Environmentally-Friendly Biolamp Concept

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Engineers typically consider the ability to transform pollution into fuel a holy grail of the applied sciences. A Hungarian engineer may have been able to do just that, however. Peter Horvath is attempting to market a device termed a biolamp that lights up the street while simultaneously removing carbon dioxide from the surrounding atmosphere. I think this is a really great idea if it can get off the ground. Read More →

Searching for Extraterrestrial Microbes

Locating thermophiles in other parts of the universe could very well aid in the search for extraterrestrial life. Most people have agreed that if life is found among the stars, it will be microbial (at least in the near-term future). Many individuals have also suggested that intelligent life forms might very well be extinct in other parts of the universe. If scientists could locate thermophile microbes, they could piece together an archaeological picture of once powerful civilizations.

Taiwan is well known for its hot springs. Most tourists that visit the island end up visiting at least one. Many people like to take relaxing baths in them. Hot springs can be great for people with arthritis. New research is proving that they can also be a great place to find astrobiological data.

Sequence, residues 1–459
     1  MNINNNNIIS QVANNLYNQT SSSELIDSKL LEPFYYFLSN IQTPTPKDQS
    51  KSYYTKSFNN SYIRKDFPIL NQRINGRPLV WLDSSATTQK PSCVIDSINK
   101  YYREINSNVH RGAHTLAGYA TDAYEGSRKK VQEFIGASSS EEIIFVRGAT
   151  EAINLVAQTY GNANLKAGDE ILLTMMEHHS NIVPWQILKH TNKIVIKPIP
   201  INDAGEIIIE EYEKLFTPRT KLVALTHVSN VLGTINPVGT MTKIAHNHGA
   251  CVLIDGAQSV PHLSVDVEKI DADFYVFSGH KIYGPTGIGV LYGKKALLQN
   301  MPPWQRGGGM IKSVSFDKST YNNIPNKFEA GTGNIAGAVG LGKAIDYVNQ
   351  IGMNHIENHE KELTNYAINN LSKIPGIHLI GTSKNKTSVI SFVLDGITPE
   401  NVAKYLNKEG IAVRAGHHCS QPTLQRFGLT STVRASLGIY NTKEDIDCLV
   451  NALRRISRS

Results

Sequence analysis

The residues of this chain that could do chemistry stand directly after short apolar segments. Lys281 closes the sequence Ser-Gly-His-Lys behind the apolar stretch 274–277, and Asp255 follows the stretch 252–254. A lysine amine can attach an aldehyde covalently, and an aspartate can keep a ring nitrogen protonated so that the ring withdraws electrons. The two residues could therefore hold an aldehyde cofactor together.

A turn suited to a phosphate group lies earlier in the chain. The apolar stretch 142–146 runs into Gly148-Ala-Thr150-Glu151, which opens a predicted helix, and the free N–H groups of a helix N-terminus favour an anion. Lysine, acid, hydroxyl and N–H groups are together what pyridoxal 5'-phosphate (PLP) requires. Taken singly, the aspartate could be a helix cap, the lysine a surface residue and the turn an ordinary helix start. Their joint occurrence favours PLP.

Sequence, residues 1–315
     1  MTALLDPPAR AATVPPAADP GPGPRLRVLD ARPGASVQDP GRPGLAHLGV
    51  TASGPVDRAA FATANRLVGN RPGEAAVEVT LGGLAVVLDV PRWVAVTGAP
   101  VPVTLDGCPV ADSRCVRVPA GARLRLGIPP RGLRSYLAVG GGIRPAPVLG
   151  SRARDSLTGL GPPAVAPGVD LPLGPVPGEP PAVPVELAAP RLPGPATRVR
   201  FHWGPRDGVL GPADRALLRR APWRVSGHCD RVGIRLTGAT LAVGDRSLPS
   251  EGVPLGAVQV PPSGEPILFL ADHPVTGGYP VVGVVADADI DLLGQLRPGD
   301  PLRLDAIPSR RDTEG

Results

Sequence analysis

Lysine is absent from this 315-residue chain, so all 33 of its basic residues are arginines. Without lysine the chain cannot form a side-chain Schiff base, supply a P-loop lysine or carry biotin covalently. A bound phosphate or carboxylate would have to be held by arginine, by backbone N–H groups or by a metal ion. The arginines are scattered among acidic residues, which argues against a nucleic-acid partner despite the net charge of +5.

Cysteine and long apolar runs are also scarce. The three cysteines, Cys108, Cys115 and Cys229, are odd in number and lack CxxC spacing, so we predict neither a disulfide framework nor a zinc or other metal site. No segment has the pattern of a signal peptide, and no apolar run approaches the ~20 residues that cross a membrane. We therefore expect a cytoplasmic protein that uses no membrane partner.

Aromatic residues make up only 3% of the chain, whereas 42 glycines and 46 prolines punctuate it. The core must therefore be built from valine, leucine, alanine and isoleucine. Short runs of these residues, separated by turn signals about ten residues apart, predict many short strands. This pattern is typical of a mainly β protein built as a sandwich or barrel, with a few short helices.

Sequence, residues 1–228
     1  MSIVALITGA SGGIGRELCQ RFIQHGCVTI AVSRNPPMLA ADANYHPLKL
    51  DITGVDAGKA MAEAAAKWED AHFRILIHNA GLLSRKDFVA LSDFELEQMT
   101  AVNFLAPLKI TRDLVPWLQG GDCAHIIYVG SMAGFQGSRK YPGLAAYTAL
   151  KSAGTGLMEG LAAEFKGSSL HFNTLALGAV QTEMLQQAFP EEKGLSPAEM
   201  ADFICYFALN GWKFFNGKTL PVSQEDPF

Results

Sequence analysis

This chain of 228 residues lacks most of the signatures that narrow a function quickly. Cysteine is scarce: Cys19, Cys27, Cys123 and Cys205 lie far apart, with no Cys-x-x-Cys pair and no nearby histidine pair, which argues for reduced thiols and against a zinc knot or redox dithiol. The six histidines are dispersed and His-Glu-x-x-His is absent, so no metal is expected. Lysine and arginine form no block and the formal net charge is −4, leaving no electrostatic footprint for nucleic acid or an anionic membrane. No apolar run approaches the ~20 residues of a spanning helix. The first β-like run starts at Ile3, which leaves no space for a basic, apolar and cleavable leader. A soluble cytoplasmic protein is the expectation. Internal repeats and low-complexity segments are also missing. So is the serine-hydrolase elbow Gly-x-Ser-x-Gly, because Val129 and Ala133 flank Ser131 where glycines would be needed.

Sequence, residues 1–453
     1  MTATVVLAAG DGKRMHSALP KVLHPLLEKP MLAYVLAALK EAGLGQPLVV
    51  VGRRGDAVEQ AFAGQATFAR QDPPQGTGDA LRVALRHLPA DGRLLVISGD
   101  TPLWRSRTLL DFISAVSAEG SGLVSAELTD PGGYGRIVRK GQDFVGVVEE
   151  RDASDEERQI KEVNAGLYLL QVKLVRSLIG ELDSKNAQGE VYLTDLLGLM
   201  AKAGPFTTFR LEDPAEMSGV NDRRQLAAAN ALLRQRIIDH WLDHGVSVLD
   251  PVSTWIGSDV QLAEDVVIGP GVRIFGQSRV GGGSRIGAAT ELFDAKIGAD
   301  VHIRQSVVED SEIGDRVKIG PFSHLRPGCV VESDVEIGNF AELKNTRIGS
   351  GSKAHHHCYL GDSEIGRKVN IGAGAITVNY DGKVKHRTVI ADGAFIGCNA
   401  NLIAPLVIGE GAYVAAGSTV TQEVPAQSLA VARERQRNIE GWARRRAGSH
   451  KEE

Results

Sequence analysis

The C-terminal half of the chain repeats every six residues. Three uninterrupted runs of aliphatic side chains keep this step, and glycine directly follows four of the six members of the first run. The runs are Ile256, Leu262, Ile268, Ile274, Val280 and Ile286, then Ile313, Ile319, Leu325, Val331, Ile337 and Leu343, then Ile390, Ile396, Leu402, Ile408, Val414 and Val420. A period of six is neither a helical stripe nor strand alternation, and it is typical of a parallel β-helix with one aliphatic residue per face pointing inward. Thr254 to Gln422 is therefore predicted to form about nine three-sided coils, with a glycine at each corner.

Photosynthetic thermophiles that live in hot springs may potentially be removing significant amounts of industrially produced carbon dioxide from the atmosphere. They’ve thrived because of fundamental changes to the atmosphere caused by humanity. In fact, there are some scientists who feel that these microbes could play a vital role in regulating the planet’s climate. That role might become increasingly important in the future.

Planets that were once inhabited by industrially developed civilizations that have since passed might be teeming with life similar to these. If a planet was sufficiently changed by another race of beings, it could have ultimately favored the development of these tiny beings. They could indicate that intelligent lifeforms once inhabited a planet, and that planet could be different today than it was in the past.

While discovering a planet full of microbes would be initially interesting, in the future it could be a relatively common occurrence. Therefore, news services of the future might very well pass by such stories after a few weeks – much like they do today with the discovery of new exoplanets. Finding sufficient numbers of photosynthetic thermophiles would be telling about the history of a world, but it would also require a great deal of geological activity. Then again, there’s nothing to say that other civilizations wouldn’t also have the ability to increase the amount of geological activity on other planets. They might even do it on purpose, as a way of terraforming for instance.

For that matter, humans might want to give that a try. Venus is superheated because of thermal runaway as a result of excess carbon dioxide in the atmosphere. If water were transported to that very hot world, colonists could use the resulting geysers to grow bacteria that would absorb the atmospheric gas.

Leu, J., Lin, T., Selvamani, M., Chen, H., Liang, J., & Pan, K. (2012). Characterization of a novel thermophilic cyanobacterial strain from Taian hot springs in Taiwan for high CO2 mitigation and C-phycocyanin extraction Process Biochemistry DOI: 10.1016/j.procbio.2012.09.019